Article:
The wide recognition received by the most famous logos provides the brand's critics with the possibility of meme-hacking, a process also known as subvertising, turning the marketing message carried by the logo (either in its pristine form, or subtly altered) into a vehicle for an alternative message, frequently highly critical to the brand in question. An example is the AdBusters' corporate flag, a U.S. flag with the stars replaced by major corporate logos. Culture jamming is a resistance movement to cultural hegemony and the homogenous nature of popular culture, executed by means of guerrilla communication. ... The terms guerrilla communication and communication guerrilla refer to unconventional forms of communication and/or intervention in more conventional processes of communication. ... For other uses, see Brand (disambiguation). ... A meme hack is any person or organization that, relevant to the study of Memetics, uses a slogan to prove an opposite point. ... A subvertisement based on the Coca-Cola logo Subvertising refers to the practice of making spoofs or parodies of corporate and political advertisements in order to make a statement. ... Adbusters is a political magazine, founded by Kalle Lasn and Bill Schmalz that is published in Vancouver, British Columbia, Canada by the Media Foundation. ... Union Jack. ...


Virtually all distinctive design elements related to brands or logos can become subjects to subvertising. The best-known organizations subverting established logos and brands are ®™ark and AdBusters. A subvertisement based on the Coca-Cola logo Subvertising refers to the practice of making spoofs or parodies of corporate and political advertisements in order to make a statement. ... RTMark is an activist art collective that subverts the Corporate Shield protecting US corporations. ... Adbusters is a political magazine, founded by Kalle Lasn and Bill Schmalz that is published in Vancouver, British Columbia, Canada by the Media Foundation. ...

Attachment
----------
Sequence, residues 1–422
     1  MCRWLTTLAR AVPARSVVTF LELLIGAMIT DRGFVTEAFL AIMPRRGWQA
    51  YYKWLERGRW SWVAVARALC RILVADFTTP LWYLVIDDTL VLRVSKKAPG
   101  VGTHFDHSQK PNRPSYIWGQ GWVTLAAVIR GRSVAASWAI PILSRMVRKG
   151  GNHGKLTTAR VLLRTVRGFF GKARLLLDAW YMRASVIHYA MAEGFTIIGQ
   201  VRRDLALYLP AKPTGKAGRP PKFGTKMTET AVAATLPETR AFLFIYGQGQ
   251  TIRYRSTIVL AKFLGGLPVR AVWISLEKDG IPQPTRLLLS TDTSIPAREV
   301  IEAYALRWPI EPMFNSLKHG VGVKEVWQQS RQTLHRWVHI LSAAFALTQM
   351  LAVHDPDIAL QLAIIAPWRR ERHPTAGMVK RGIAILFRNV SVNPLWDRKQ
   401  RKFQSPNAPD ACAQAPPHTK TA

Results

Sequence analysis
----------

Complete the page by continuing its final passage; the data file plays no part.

See also

Look up logo in
Wiktionary, the free dictionary.

Wiktionary (a portmanteau of wiki and dictionary) is a multilingual, Web-based project to create a free content dictionary, available in over 151 languages. ... American cultural icons. ... A sound trademark is a non-conventional trademark where sound is used to perform the trademark function of uniquely identifying the commercial origin of products or services. ... The Chi-Rho, a monogram of the first two letters in the Greek word for Christ E and L embroider for clothes and bedding, for a wife by the initials E L or L E A monogram is a motif made by overlapping or combining two or more letters or... In art, a motif is a repeated idea, pattern, image, or theme. ... In typography, a grapheme is the atomic unit in written language. ... 3rd Edition of the Retail Alphabet Game. ... A fictive wordmark illustrating how typographic treatment and color can make a name more visually memorable. ...

References

  1. ^ Wheeler, Alina. Designing Brand Identity ©2006 John Wiley & Sons, Inc. (page 4) ISBN 978-0-471-74684-3
  2. ^ Rawsthorn, Alice. "The new corporate logo: Dynamic and changeable are all the rage", International Herald Tribune, 2007-02-11. Retrieved on 2008-05-21.